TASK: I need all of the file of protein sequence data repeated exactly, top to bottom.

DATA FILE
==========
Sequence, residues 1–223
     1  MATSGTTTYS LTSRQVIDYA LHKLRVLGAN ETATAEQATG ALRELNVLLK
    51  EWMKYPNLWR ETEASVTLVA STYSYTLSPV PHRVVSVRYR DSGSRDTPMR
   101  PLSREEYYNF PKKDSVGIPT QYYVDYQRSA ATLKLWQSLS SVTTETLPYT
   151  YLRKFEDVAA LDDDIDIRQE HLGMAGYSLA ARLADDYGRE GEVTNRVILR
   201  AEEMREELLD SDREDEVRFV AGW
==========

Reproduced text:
Sequence, residues 1–223
     1  MATSGTTTYS LTSRQVIDYA LHKLRVLGAN ETATAEQATG ALRELNVLLK
    51  EWMKYPNLWR ETEASVTLVA STYSYTLSPV PHRVVSVRYR DSGSRDTPMR
   101  PLSREEYYNF PKKDSVGIPT QYYVDYQRSA ATLKLWQSLS SVTTETLPYT
   151  YLRKFEDVAA LDDDIDIRQE HLGMAGYSLA ARLADDYGRE GEVTNRVILR
   201  AEEMREELLD SDREDEVRFV AGW